If you managed to complete the last section you probably noticed that ontologies are relatively complex. You might be wondering what advantages do people and programs gain by expressing information in this form over other forms? For example, given your simple sommelier application, you could probably construct a relational database to represent the same type of information. There are several reasons to use ontologies.
First, formal ontology specifications such as OWL define a standard way of capturing and sharing the understanding of things in our world. The standardization of the form of this understanding allows ontologies to be reused, extended, and translated. In fact, there are hundreds of free ontologies available through the web that you could reuse in your own application as we are doing for your sommelier. Additionally, you could create your own ontology that extends someone else's ontology. The wine ontology, for instance, extends a food ontology. As another example, a company specializing in investments could create an ontology built on top of more general financial ontology.
Second, and perhaps more importantly, ontological representations such as OWL facilitate inferencing and consistency checking. In the semantic space, reasoners are a type of tool that can deduce new relationships from ontologies. The ability to make such deductions is referred to as inferencing and can greatly simplify the creation of a complex model because many of the relationships can be inferred. Reasoners also can help detect logical errors in an ontology.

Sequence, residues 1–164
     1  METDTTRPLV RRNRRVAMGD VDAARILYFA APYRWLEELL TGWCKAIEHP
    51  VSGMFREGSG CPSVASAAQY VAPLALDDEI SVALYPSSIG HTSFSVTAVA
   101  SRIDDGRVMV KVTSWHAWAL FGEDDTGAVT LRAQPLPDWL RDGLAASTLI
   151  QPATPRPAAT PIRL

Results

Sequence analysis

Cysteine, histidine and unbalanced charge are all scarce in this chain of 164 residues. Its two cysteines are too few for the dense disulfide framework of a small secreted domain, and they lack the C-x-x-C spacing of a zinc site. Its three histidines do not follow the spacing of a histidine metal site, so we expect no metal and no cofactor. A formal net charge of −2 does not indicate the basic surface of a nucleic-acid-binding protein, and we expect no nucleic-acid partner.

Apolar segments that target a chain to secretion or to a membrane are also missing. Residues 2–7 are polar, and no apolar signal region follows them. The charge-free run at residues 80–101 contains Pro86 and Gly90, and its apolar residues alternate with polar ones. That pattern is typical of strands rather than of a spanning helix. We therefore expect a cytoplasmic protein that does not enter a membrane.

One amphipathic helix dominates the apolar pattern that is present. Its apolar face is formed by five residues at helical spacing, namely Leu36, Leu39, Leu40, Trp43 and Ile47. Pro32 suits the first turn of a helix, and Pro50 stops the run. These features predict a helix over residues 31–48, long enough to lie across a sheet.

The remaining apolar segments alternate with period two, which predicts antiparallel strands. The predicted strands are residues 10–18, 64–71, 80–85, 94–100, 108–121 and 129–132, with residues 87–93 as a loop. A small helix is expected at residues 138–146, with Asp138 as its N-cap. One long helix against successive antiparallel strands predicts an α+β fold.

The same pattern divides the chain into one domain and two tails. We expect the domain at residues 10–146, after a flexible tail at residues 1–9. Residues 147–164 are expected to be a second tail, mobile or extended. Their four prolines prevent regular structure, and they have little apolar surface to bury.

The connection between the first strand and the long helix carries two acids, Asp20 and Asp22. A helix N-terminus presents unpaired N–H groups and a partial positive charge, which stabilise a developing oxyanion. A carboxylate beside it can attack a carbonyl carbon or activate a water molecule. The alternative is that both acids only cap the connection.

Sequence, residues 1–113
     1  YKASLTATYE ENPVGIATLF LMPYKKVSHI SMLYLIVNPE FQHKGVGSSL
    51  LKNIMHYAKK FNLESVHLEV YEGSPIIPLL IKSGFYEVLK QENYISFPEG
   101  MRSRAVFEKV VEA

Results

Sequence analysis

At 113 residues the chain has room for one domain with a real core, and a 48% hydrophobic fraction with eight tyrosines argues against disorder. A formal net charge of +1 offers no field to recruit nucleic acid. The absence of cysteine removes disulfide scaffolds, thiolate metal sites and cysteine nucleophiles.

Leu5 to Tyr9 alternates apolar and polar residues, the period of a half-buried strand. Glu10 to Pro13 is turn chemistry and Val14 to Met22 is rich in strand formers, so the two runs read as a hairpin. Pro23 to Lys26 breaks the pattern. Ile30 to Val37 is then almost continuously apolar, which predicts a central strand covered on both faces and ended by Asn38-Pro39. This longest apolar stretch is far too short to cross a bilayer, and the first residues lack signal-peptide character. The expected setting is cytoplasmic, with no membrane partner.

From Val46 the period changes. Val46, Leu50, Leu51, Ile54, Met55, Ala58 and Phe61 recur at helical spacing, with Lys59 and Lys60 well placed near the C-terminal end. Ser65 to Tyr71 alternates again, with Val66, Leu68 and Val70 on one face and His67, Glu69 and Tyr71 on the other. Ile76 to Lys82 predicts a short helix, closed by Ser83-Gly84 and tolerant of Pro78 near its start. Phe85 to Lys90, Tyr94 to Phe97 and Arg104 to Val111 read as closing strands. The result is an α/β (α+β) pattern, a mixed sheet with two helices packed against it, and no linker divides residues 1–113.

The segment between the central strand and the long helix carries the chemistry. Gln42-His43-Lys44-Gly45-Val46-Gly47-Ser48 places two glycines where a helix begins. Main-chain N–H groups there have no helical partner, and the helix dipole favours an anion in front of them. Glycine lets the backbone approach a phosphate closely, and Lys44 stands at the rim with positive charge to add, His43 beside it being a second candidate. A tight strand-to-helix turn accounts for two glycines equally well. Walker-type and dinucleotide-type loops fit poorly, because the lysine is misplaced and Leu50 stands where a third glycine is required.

For example, in the wine domain an individual wine can exist in multiple classes. A red bordeaux wine is a type of red wine, a type of French wine, and also possibly a type of strong wine. To attempt to model this multiple inheritance graph of classes would be both difficult and error prone. Inferencing makes a simpler approach possible.
Instead of declaring BordeauxWine to be a subclass of multiple parents, I can simply declare it to be a type of wine and restrict this class to include only individual wines from the BordeauxRegion of France. Then, I can create a separate class called FrenchWine and declare that it is the set of wines produced in the FrenchRegion. A reasoner will be able to infer that BordeauxWine must also be a type of FrenchWine because the BordeauxRegion is a type of FrenchRegion.
The asserted (explicitly defined) hierarchy of classes in the wine ontology is relatively flat (see Figure 4). This is the ontology as it was explicitly defined in its OWL document.
After running this ontology through a reasoner, you get the much more complex ontology represented in Figure 5.
It is hugely convenient to model the ontology shown in Figure 4, yet be able to ask questions of it as if it were as robust as the model demonstrated in Figure 5. You won't get into inferencing much more in this article, except to show how to leverage a reasoner in Java applications.